“We compete with them in a market or two,” says Randy Bongarten, head of Bonten Media. “They are good, tough, smart. I have the greatest respect for Bob Prather and for management there.

“They’re thin at the top, decentralized, innovative from a technology standpoint. They’re not just focused on cutting costs. They’re focused on running the television business. They’re cutting costs when they can, making investments when they can.”

Gray Model 2.0

Using technology to maintain news leadership and reduce costs is another element of the Gray strategy. It’s execution falls to Jim Ocon, who has been the go-to guy for tech since Prather lured him away from Turner Entertainment in 2005.

Since then, Ocon’s has been developing and deploying what he calls Gray Model 2.0. That includes converting to HD at nearly all the stations; automating (Ocon prefers to say “eliminating”) conventional master control so that work that used to require eight people is now handled by one or two; and converting in-house traffic systems to a hub-and-spoke system.

“Because of the culture, Bob Prather always encouraged me to innovate,” Ocon says. “Innovation to me is a job.”

A couple years back, during an NAB conference, Ocon was lamenting the fact that reporters in the field had to dig through a lot of gear to get what they needed to do their jobs. His idea: Put everything in a single backpack.

Ocon enlisted help from electronics giant Sony to develop the MOCOM (mobile communications) backpack. The backpack includes a tablet, smartphone, laptop, camcorder and light. Now, not only can a single Gray reporter do the work of two or three, there’s no need to go on a gear scavenger hunt before going into the field.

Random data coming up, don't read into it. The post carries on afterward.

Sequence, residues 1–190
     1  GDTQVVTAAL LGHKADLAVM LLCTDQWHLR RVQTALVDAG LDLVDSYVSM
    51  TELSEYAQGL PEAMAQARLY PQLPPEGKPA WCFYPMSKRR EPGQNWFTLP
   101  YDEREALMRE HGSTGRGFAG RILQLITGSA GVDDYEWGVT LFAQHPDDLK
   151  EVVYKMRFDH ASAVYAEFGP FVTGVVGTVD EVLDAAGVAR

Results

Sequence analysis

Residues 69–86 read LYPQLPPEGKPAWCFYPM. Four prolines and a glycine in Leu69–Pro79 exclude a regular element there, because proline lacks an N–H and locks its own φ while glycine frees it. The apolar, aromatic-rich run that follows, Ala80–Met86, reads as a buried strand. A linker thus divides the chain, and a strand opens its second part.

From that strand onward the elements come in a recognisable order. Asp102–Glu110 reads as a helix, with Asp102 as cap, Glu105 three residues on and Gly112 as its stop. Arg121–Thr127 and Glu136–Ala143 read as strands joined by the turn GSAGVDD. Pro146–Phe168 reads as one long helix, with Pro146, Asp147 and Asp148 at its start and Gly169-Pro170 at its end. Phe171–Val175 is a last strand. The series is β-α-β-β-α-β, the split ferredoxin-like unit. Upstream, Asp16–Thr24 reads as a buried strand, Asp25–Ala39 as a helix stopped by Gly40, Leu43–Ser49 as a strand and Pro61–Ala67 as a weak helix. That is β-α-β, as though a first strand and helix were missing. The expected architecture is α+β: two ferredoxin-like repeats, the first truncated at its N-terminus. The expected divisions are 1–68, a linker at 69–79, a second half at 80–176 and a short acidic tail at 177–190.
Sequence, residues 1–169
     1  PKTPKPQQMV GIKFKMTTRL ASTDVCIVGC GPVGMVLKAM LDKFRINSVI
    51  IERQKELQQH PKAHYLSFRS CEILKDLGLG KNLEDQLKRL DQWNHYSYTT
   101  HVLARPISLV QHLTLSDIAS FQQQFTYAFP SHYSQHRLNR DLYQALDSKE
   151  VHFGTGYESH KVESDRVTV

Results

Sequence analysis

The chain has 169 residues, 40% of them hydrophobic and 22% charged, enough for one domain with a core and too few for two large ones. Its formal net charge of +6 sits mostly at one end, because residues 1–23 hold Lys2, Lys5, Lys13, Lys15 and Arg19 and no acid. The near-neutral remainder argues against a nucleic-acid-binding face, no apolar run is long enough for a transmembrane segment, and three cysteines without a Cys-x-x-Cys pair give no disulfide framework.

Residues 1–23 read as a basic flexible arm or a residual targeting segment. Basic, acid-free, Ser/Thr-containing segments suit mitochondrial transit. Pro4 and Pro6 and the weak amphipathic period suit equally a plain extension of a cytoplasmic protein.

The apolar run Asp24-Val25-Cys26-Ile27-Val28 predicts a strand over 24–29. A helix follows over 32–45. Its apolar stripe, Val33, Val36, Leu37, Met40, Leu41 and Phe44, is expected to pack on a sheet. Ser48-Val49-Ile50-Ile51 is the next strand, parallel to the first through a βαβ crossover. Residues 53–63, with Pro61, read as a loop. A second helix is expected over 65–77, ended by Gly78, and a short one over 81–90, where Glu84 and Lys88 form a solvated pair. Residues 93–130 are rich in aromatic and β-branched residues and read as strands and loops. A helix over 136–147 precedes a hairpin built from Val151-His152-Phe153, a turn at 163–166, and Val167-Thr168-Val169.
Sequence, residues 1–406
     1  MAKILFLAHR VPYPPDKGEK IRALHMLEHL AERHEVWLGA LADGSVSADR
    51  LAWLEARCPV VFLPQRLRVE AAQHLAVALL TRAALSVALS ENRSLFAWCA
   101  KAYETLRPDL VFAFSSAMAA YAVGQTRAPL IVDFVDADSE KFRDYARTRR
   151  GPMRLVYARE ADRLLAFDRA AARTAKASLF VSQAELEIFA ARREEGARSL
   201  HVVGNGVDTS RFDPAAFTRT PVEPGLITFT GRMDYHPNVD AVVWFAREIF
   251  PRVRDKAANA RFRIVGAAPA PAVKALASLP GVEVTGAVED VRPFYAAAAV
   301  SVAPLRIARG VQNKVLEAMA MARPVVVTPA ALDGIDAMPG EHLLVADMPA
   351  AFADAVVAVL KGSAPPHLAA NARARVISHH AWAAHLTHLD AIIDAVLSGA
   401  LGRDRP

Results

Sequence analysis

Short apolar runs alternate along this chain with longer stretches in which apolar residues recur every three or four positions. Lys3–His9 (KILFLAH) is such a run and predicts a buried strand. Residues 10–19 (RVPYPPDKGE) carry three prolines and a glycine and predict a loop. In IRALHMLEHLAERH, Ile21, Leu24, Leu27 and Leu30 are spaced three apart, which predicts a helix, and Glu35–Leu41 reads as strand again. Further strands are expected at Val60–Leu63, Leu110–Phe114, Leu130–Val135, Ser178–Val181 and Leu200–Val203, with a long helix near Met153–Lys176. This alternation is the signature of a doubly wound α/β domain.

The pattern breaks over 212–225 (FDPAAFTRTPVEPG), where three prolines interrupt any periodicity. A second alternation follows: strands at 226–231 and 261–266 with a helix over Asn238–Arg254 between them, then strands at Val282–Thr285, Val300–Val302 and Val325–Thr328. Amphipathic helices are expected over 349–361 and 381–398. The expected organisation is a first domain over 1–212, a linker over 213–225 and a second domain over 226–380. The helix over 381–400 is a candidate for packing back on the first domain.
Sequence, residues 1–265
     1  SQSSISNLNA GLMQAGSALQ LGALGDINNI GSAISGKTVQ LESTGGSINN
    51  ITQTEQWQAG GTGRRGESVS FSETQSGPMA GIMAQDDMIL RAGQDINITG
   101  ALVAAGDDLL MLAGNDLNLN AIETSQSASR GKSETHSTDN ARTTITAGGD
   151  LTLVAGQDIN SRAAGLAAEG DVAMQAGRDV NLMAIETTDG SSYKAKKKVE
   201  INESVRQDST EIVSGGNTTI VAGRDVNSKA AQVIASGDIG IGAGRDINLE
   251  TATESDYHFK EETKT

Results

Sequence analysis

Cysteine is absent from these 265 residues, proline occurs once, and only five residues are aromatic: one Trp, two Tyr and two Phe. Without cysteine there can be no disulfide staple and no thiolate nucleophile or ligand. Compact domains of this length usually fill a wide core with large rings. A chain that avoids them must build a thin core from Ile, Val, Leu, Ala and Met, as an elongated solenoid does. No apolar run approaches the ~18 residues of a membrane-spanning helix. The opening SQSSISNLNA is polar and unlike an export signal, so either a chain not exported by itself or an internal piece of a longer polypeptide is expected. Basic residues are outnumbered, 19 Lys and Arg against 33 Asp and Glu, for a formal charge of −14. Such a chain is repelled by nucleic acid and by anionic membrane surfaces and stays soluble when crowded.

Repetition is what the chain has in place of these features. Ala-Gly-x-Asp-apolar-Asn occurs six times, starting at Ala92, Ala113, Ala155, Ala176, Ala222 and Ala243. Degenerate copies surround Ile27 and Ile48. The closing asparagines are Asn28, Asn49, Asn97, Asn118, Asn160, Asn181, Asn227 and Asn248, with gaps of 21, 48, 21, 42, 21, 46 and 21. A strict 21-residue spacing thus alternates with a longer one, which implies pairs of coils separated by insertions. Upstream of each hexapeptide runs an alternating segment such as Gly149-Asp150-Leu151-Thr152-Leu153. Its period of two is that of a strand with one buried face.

Newsgathering is only part of the equation. Getting the news — data and images — back to the station where it can be broadcast is the other.

Traditionally, that’s been done with microwave and satellite trucks. Such trucks, which can cost upwards of $300,000 each. Bad weather or overburdened networks can be a problem.

Ocon latest is GrayMax, a proprietary IP-based microwave system that rides on an SUV.

The GrayMax system could be a game-changer. In addition to providing one more path for getting data and video back to the station it can dramatically reduce the need for those expensive live trucks.

“It’s the first of its kind in country and has the potential to change the industry,” says Ocon. “You hear a lot about spectrum efficiency, repacking, how cellular systems are not always reliable. This is basically a dedicated cellular communications system for people in the field to communicate with the station.”

Under an FCC experimental license, Gray recently deployed its first GrayMax equipped vehicle — a Honda Element — at KBTX Bryant, Texas, for a two-year test.

Next up? The Furio newsroom featuring motion tracking of cameras tied to graphics, robotically controlled cameras and augmented and virtual reality. “We think it will provide a competitive advantage and appeal to viewers being brought up on graphically rich environments,” Ocon says.

Signs of better times

Gray’s top executives believe that they are back on track — and they are sending that message to the rank and file.

Following the NAB show in April, Howell and General Counsel Kevin Latek visited KOLO Reno, Nev., and KKCO Grand Junction, Colo. Considering the recent flurry of big-deal M&A, employees were skittish.

“Folks at both stations reasonably figured if the CEO and general counsel were coming, they were either getting sold, fired or both,” says Latek, who left the prominent communications law firm Dow Lohnes last year to join the Gray team. Instead, “Hilton gave a pep talk, took questions, shook everyone’s hand.”

Latek says it was a tough call to leave the law firm. But after last year’s returns came in, he got a confirmation that he’d made the right choice.

“Bob Prather gave all  employees two full paydays off” as a reward for a job well done, Latek says. “That, to me, is the kind of company I want to work for.”